Three years later, due to the good graces of my English professor, Dr. Jim Blake, I had re-evaluated most of my assumptions. I voted for Ronald Reagan in 1984, and never really looked back.
And I had no reason to. None of us did. Although the history books, all being written from the perspective of the Left, will never admit it, the two decades from 1980 to 2000 were, objectively, the last American Golden Age. I’ll squeak out an optimistic coda and add “so far”, but I’ll be honest – I haven’t been feeling it, but I’m a firm believer in acting like you want to feel, and so there is is. “So far”.
I’ll come back to that.
There’s no denying it was one of the high points of American history. We led an economic surge that brought more wealth to more people than any in history. We, as a nation, led a political surge that led to the collapse of one of the most evil regimes in history (although not the other one – so far).
Maybe it’s just the perspective of one guy’s lifetime – but I suspect you’d have to look long and hard to find a place and time when it was generally better to be a human.
Not just in material terms, but in terms of the tension between freedom and order, one of the hardest things about running a self-governing society, being in relative balance – and, more importantly, the general commitment to the system and process that kept all those moving parts in balance.
And it’s been downhill from there.
The arc from Morning in America in 1980 to last week’s skirmish at the Capitol – which, loathe as I am to come even close to Democrat chanting points, was a form of coup, not against President-Elect Biden, but against the states’ constitutional power to select electors – peaked…somewhere in the late ’90s – when one of the glories of the American system, gridlocked government, combined with a Peace Dividend brought about by the end of the Cold War (thanks, President Reagan), led to an outburst of technological, entrepreneurial and market power that brought so much wealth, and security, and general well-being, to so many people that it may have been as close to a uptopia, in some ways, as humanity can get. Because of the gridlock in government.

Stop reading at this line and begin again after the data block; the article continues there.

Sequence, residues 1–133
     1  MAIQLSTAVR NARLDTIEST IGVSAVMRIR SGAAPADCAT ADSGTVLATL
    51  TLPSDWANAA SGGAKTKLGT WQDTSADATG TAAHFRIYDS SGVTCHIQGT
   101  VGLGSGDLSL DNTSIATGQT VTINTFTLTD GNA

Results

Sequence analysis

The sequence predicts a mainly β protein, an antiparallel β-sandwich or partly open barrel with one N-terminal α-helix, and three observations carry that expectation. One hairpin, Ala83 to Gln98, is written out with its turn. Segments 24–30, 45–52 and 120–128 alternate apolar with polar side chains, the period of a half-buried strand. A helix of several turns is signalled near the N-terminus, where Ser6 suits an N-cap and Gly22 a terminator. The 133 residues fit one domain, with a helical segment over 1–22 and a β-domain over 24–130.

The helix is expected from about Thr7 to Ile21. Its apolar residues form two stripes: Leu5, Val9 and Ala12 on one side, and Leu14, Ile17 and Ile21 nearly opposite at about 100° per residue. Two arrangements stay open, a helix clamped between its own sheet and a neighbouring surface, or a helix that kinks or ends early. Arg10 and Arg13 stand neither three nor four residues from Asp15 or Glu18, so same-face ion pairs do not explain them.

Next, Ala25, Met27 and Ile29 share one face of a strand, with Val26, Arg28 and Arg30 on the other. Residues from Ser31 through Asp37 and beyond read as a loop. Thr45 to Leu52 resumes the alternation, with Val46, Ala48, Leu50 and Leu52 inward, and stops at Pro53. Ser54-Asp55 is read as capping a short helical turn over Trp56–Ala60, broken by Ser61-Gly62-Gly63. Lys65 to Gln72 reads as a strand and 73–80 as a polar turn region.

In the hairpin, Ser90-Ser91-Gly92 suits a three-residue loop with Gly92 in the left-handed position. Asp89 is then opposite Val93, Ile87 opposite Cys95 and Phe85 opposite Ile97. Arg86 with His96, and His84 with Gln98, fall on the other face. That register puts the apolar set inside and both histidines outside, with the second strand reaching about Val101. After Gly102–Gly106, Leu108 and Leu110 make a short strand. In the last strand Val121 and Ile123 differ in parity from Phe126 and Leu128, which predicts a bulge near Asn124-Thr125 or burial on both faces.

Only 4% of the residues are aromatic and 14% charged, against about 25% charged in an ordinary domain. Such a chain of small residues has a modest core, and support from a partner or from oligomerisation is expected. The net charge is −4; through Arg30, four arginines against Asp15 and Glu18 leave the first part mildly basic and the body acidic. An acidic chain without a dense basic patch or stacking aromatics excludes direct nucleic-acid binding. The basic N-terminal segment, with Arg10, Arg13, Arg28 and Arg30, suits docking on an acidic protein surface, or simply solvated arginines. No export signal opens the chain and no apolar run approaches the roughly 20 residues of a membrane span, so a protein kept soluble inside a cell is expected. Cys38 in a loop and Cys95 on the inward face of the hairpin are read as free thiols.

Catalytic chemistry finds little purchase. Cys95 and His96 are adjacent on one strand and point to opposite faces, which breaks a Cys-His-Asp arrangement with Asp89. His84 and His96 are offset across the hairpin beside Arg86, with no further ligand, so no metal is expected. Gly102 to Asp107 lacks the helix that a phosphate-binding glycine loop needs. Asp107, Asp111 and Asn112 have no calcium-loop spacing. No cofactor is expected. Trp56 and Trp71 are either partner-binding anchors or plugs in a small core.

Somewhere between 1998 and 2005, things started to turn back south again. It’d be easy to point to the polarization of American politics, starting with the various Clinton scandals, through the fiasco of the 2000 election, the near-decade of squabbling over the War on Terror and the 2008 government-caused financial meltdown, as the cause – but it went in parallel with a lot of other changes in our nation’s political, moral and social lives that have led to their…
…I was going to say “culmination” last week at the Capitol. But of course, that’s not true. Last week’s sorry episode was, like last summer’s riots, and the social back and forth that gave us Barack Obama, Hillary Clinton, Trump himself, and the movements that supported them all in a way that was increasingly “un-American” (I’m still claiming a meaning for that term), and if you think that was the peak, or trough, or any sort of ending to the story, you just haven’t paid attention to 20,000 years of human nature.
So let’s not call it a culmination. Let’s call it a checkpoint, on a path that may be going up, or down, but control over which We The People need to take before the phrase “We The People” is forever relegated to the museum.
How have we gotten from the peak of Western Civilization to…this, in my adult lifetime?